Adults with UTIs and cronobacter-related wound infections are also given antibiotics. But if the bacteria are present but don’t cause any symptoms, you might not need any treatment.

How Can You Prevent Cronobacter Infection in Babies?

To help prevent your child from getting cronobacter infection, you should:

  • Wash your hands with soap and water before you make formula.
  • Prepare your formula with water that is at least 158 F.
  • Clean kitchen counters, the sink, or any other surfaces that might touch baby formula with soap and water or a disinfectant wipe.
  • Clean and sanitize all baby feeding items such as bottles, nipples, caps, rings, and breast pump parts. You can also run them in the dishwasher if they are dishwasher-safe.
  • Allow all of the parts to thoroughly air-dry.
  • Keep the formula container, scoop, and lid dry. Don’t put it back if it’s wet. Wash it and allow it to air-dry.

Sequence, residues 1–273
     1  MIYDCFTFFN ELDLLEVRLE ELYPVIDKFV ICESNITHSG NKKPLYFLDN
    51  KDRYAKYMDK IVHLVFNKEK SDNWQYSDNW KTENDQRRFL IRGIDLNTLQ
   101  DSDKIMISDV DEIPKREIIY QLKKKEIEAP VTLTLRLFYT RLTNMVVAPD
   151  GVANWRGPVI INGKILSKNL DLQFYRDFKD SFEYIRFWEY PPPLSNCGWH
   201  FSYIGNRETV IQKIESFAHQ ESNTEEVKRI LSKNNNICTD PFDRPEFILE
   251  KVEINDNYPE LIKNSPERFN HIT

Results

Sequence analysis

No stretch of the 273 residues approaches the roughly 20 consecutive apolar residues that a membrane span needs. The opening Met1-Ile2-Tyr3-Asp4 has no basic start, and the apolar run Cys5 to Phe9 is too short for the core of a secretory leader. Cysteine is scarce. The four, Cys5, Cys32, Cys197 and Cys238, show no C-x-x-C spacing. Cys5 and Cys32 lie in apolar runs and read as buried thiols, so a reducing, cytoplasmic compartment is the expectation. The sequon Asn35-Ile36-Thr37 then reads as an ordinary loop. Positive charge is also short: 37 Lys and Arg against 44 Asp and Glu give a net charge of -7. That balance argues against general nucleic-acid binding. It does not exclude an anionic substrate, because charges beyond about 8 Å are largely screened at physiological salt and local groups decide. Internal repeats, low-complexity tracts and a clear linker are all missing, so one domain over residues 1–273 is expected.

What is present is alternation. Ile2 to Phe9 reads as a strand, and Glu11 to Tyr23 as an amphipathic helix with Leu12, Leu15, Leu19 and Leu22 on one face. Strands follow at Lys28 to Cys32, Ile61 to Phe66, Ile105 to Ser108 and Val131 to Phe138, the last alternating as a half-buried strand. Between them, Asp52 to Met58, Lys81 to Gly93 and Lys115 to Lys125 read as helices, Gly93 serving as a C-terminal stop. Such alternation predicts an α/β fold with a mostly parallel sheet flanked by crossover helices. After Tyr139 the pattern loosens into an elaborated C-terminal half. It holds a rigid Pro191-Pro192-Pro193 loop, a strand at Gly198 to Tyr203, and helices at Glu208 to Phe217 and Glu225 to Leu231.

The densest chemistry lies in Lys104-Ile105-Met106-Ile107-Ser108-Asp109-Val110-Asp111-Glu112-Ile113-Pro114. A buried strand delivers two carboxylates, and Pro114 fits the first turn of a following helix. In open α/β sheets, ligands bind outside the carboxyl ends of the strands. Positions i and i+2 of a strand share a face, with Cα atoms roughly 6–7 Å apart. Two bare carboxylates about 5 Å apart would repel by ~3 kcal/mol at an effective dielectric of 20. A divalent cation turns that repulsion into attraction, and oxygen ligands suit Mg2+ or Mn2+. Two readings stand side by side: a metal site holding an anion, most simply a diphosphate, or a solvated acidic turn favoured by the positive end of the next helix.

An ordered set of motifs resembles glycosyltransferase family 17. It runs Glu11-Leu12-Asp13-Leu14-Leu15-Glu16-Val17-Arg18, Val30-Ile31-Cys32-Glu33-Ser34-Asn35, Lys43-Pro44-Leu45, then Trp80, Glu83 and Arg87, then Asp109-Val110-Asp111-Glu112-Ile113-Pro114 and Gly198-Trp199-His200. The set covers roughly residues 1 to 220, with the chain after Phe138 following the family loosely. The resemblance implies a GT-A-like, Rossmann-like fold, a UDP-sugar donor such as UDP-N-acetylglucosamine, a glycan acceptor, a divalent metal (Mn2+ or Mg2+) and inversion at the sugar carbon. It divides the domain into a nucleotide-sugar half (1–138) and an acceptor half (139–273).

• Consider boiling your water and letting it cool for 5 minutes before you mix in the baby formula.
  • Carefully shake the formula inside the bottle, and don’t use a separate spoon to stir it.
  • Test the temperature of the formula before giving it to your baby by putting a few drops on the inside of your wrist. It should never feel hot, just warm.
  • Use the formula within 1 hour from the time your start to feed or within 2 hours after you prepare it.
  • Don’t save any leftover formula. Throw it away.
  • If you decide to not feed your baby after you make the formula, put it in the fridge right away. Use it within 24 hours or throw it away.
  • Don’t use expired baby formula.
  • Avoid buying imported baby formula through online sales as it could be fake and may have contaminated ingredients.
  • Don’t feed your baby homemade baby formula without checking with your doctor first.

Watch for any FDA recalls of formula products you use for your baby. If there has been a recall and you’re unsure if your product is contaminated, check the “lot number” listed on the packaging and search for it on the company’s website.

Show Sources

SOURCES:

CDC: “Cronobacter,” “Cronobacter: Frequently Asked Questions,” “People at Risk,” “Signs and Symptoms.”

FDA: “FDA Investigation of Cronobacter Infections: Powdered Infant Formula (February 2022).”

Alabama Department of Public Health: “Frequently Asked Questions: Cronobacter.”

Frontiers in Pediatrics: “The Roles of Epidemiologists, Laboratorians, and Public Health Agencies in Preventing Invasive Cronobacter Infection.”